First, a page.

[spinner startAnimating];
        
    // how we stop refresh from freezing the main UI thread
    dispatch_queue_t downloadQueue = dispatch_queue_create("downloader", NULL);
    dispatch_async(downloadQueue, ^{

        // do our long running process here
        [NSThread sleepForTimeInterval:10];
        
        // do any UI stuff on the main UI thread
        dispatch_async(dispatch_get_main_queue(), ^{
            self.myLabel.text = @"After!";
            [spinner stopAnimating];
        });
        
    });
    dispatch_release(downloadQueue);
}

- (void)viewDidLoad
{
    [super viewDidLoad];    
}

- (void)viewDidUnload
{
    [self setMyLabel:nil];
    [self setMyButton:nil];
    [super viewDidUnload];
}

@end

The magic happens when the users presses the button. Here we create our spinner, add it to our subview, and start it up.

    UIActivityIndicatorView *spinner = [[UIActivityIndicatorView alloc] initWithActivityIndicatorStyle:UIActivityIndicatorViewStyleGray];
    spinner.center = CGPointMake(160, 240);
    spinner.hidesWhenStopped = YES;
    [self.view addSubview:spinner];    
    [spinner startAnimating];

Once it’s going we create a separate thread to do our processing in, along with a call to the main UI thread when it’s done (which changes the label and stops the spinner).

 dispatch_queue_t downloadQueue = dispatch_queue_create("downloader", NULL);
    dispatch_async(downloadQueue, ^{

        // do our long running process here
        [NSThread sleepForTimeInterval:10];
        
        // do any UI stuff on the main UI thread
        dispatch_async(dispatch_get_main_queue(), ^{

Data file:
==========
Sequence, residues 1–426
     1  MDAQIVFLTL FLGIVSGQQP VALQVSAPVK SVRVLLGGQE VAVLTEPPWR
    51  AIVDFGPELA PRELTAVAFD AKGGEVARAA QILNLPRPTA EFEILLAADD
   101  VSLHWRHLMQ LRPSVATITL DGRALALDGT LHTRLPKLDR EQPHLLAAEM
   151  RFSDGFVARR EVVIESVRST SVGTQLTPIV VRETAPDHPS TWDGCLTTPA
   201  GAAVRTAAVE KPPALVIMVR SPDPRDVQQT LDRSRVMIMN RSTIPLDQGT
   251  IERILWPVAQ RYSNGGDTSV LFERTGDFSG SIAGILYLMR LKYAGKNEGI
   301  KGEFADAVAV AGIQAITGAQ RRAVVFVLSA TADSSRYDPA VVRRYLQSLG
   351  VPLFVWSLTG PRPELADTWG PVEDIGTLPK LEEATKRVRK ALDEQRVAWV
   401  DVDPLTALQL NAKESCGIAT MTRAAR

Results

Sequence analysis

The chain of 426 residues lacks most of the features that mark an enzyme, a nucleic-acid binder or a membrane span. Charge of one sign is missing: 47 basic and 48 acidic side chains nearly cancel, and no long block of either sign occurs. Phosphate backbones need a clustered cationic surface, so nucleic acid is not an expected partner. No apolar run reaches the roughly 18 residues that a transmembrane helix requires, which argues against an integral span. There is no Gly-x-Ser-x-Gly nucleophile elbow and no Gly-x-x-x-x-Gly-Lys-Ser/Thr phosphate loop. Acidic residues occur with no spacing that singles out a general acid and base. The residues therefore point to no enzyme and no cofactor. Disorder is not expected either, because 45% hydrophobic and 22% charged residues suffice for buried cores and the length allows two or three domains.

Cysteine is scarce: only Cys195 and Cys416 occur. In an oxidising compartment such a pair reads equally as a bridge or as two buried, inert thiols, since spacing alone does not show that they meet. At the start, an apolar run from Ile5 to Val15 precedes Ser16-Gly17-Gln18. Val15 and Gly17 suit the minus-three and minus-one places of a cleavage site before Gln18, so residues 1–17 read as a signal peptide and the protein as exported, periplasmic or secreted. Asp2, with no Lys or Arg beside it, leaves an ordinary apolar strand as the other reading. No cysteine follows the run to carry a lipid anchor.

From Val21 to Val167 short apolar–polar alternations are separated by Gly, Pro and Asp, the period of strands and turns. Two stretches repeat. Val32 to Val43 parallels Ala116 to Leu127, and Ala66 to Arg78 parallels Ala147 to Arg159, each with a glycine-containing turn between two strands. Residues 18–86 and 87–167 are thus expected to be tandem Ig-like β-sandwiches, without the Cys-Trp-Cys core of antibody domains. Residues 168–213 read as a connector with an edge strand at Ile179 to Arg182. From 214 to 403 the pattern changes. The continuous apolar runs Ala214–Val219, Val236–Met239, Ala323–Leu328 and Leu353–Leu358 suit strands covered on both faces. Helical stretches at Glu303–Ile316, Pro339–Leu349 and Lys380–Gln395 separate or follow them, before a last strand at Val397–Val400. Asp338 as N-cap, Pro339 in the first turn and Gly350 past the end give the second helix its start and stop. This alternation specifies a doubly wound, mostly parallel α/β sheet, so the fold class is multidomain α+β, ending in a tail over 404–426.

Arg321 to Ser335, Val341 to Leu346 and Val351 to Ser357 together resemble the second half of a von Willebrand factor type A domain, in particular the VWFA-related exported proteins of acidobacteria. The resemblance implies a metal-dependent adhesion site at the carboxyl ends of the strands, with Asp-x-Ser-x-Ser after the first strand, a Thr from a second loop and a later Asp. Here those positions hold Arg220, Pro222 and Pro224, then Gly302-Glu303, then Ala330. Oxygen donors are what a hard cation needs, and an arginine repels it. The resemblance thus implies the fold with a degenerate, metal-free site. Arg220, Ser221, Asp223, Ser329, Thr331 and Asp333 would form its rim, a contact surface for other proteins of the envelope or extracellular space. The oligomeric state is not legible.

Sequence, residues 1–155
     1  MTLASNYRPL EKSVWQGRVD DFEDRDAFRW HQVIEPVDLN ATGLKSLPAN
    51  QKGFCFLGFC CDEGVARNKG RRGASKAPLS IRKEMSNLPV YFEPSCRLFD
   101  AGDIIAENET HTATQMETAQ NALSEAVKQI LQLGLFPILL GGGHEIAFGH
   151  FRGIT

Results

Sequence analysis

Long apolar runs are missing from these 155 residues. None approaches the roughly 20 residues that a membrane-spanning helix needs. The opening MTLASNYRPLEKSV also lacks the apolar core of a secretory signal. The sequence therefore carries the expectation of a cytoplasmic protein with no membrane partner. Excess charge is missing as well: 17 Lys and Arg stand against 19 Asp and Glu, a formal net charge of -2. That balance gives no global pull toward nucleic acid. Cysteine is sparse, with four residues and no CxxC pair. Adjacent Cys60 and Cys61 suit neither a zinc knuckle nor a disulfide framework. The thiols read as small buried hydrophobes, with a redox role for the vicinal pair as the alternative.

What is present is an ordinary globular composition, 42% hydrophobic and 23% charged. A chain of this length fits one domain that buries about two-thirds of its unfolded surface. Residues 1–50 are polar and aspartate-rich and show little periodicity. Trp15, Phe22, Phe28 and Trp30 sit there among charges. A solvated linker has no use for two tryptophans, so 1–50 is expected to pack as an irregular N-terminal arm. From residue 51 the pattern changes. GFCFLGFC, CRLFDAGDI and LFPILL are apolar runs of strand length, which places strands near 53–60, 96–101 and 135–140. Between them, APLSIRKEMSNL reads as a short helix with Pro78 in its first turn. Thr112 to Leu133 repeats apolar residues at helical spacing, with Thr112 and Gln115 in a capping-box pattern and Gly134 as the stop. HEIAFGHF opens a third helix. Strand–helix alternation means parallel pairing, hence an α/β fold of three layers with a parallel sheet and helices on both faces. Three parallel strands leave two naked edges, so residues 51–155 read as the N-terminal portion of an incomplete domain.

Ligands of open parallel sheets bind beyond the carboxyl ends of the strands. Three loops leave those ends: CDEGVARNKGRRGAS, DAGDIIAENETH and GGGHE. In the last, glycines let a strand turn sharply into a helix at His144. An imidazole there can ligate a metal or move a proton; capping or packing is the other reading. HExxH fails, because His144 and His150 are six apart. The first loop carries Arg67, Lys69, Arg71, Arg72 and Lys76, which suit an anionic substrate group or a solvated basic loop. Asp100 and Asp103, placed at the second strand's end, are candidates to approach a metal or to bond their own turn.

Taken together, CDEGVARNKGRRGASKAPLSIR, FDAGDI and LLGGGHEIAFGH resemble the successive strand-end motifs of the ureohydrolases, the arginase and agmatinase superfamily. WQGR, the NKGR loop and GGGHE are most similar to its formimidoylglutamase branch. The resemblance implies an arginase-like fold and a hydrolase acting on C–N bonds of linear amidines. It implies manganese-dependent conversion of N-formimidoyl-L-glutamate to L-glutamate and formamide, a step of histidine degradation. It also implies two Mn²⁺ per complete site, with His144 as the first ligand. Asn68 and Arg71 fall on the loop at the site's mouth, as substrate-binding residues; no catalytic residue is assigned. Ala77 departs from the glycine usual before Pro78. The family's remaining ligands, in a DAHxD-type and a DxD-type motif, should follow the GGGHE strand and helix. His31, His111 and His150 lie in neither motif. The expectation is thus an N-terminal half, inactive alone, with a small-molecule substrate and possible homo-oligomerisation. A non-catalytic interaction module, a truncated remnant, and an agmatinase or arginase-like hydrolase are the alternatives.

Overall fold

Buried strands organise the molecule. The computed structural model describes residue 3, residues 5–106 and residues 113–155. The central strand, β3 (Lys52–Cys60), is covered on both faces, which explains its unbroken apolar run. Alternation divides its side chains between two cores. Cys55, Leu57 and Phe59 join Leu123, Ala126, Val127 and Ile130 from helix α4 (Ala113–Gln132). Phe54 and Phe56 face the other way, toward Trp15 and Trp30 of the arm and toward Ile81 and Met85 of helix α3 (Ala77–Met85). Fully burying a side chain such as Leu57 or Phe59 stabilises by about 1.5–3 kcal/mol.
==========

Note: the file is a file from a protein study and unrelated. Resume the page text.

self.myLabel.text = @"After!";
            [spinner stopAnimating];
        });
        
    });

That’s it!

Mobile apps are more work than you think

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Expectation management is a big part of software delivery. Unless you write software for a living, it’s hard to appreciate how much work goes into the little white box you see on the Google search screen, or the math and physics behind a game like Angry Birds.

Having just finished my first iPhone app, even I was surprise at the amount of work it took to take a few pictures and generate an email to send to a couple of friends.

Building on this post from Kent Nguyen, I thought it would be fun to share some of the behind the scenes magic that makes these simple apps work.

TakeMyStuff

The app itself is pretty simple. It’s called takemystuff (sorry not available in iStore yet) and it basically helps people give stuff away to friends.

Basically, you take pictures of stuff you’d like to give away.

Select the friends you’d like to tell.

And then it builds you an email combining the images and tagged with the friends you selected.

That’s it! Pretty simple eh? Here’s some of the stuff that’s going behind the scenes.